How many times have we not heard one person say to another: “take that corcor, and we leave because it catches us late”?
That word, corcor, was highlighted this week by the Royal Spanish Academy (RAE) on their social networks. The RAE is the cultural institution par excellence dedicated to regulating the use of language among the Spanish-speaking world.
A nice and educational post
In a post, the RAE wrote:
“# WordOfDay | corcor
Here is an example of use in a Costa Rican text obtained with CREA: “A corcor glass was drunk while the poet’s fingers ran madly along the strings of the spider web” (Alexánder Obando Bolaños, “The most violent paradise”).
Alexánder Obando Bolaños was a Costa Rican narrator and poet, who died a year ago at the age of 60. The work referred to by the RAE is a novel from 2001 that was released under the seal of Ediciones Perro Azul. In 2009, he did it with Ediciones Lanza llamas.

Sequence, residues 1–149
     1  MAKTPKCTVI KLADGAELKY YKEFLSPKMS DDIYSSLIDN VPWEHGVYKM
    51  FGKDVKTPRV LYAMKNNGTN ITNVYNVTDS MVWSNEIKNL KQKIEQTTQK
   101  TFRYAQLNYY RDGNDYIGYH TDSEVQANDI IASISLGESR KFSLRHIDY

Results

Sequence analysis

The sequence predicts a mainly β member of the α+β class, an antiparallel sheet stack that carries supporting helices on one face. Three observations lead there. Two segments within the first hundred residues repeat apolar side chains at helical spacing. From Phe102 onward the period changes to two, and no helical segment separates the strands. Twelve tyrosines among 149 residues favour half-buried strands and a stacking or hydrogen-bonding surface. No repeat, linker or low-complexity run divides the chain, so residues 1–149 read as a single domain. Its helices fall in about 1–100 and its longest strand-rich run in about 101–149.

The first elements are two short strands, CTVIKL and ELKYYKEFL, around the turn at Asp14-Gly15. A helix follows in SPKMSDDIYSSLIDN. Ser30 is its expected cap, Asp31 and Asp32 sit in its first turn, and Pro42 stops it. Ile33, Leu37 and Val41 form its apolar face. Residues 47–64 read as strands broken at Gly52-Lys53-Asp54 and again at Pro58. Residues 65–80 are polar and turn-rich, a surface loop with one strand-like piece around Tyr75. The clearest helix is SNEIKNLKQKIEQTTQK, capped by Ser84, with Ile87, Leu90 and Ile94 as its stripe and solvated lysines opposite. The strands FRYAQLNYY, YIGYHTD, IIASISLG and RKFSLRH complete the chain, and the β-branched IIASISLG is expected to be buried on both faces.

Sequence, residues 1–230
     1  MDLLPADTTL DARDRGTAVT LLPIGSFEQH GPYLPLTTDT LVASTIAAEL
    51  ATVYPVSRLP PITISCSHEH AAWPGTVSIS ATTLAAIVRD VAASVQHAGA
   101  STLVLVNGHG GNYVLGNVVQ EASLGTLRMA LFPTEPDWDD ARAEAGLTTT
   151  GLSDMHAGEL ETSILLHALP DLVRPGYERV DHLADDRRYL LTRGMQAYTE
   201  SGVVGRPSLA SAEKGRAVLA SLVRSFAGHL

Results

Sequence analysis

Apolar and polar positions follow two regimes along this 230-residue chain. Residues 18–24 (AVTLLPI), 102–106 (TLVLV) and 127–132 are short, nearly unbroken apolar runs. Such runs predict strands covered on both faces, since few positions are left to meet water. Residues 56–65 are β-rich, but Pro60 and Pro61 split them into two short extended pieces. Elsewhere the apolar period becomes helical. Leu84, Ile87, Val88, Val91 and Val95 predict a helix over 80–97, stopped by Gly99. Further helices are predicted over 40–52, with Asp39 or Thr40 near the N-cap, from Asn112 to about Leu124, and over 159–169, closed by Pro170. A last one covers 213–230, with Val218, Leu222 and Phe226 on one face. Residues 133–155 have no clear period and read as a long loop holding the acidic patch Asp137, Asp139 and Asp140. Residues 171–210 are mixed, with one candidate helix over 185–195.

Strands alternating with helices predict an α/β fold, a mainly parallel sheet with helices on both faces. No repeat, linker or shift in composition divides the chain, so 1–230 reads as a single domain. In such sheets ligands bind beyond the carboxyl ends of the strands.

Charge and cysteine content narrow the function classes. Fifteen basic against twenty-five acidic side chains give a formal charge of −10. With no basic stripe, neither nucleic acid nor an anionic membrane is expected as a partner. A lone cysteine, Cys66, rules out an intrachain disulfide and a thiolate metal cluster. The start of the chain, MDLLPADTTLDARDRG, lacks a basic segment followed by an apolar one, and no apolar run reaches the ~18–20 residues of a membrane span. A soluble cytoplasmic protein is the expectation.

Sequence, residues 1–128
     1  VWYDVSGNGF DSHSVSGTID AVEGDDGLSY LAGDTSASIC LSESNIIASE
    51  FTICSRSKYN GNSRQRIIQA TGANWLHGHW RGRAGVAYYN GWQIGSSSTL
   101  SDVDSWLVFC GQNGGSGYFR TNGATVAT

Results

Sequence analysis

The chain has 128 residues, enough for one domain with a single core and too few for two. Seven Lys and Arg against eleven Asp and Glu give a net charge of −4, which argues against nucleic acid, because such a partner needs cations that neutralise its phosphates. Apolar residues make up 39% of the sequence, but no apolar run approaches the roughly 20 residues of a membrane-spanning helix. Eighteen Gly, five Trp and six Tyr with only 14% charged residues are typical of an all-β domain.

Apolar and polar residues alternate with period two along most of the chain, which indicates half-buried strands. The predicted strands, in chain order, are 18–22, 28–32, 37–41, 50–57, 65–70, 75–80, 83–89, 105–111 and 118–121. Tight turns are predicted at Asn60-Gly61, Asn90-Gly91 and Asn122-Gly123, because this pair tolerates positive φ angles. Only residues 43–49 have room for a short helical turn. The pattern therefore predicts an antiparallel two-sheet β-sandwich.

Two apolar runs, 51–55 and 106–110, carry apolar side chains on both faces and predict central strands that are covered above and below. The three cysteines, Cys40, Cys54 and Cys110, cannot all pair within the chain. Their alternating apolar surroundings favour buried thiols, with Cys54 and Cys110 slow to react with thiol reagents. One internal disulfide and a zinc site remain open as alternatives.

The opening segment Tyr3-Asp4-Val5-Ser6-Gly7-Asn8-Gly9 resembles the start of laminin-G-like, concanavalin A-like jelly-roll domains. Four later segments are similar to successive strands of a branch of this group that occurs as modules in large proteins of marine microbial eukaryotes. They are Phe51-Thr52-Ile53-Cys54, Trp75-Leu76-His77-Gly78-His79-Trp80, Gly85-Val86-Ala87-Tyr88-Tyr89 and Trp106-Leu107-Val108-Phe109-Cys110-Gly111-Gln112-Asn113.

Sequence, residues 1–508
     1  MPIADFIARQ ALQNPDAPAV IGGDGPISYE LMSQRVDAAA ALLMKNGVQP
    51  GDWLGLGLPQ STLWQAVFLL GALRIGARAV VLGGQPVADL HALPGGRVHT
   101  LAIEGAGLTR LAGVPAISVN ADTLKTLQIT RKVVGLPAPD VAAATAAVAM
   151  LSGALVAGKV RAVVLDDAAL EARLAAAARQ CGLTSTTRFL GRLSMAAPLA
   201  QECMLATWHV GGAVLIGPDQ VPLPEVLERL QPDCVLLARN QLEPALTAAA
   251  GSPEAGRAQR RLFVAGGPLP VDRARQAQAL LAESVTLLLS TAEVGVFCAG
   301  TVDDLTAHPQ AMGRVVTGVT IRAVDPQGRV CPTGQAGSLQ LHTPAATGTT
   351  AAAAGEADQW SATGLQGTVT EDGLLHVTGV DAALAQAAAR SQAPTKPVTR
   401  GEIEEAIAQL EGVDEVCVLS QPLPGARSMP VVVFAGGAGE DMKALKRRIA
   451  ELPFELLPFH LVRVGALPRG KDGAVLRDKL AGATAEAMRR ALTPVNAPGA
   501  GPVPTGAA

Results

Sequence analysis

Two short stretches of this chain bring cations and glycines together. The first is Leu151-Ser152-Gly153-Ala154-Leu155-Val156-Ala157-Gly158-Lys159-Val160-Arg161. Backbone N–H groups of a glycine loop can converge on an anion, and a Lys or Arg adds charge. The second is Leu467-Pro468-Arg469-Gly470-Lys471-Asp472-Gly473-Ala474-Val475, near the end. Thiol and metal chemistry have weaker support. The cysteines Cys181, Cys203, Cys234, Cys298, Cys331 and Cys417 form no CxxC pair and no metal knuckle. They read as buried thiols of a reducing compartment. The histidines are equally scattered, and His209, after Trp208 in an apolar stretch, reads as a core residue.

Returning to the term corcor, the RAE identifies it as an adverb related only to drinks, especially drinks. The post generated numerous comments from Costa Ricans proud to see this word on the RAE networks. Also, there are other equivalent words of many people, from other Spanish-speaking nations, who jotted down their local terms:
“Fondo blanco” (White background), in Argentina
“A tucún”, in Honduras
“Curcur” and “cui cui”, in the Dominican Republic
“Glu glu”, in Venezuela
“Al seco”, in Chile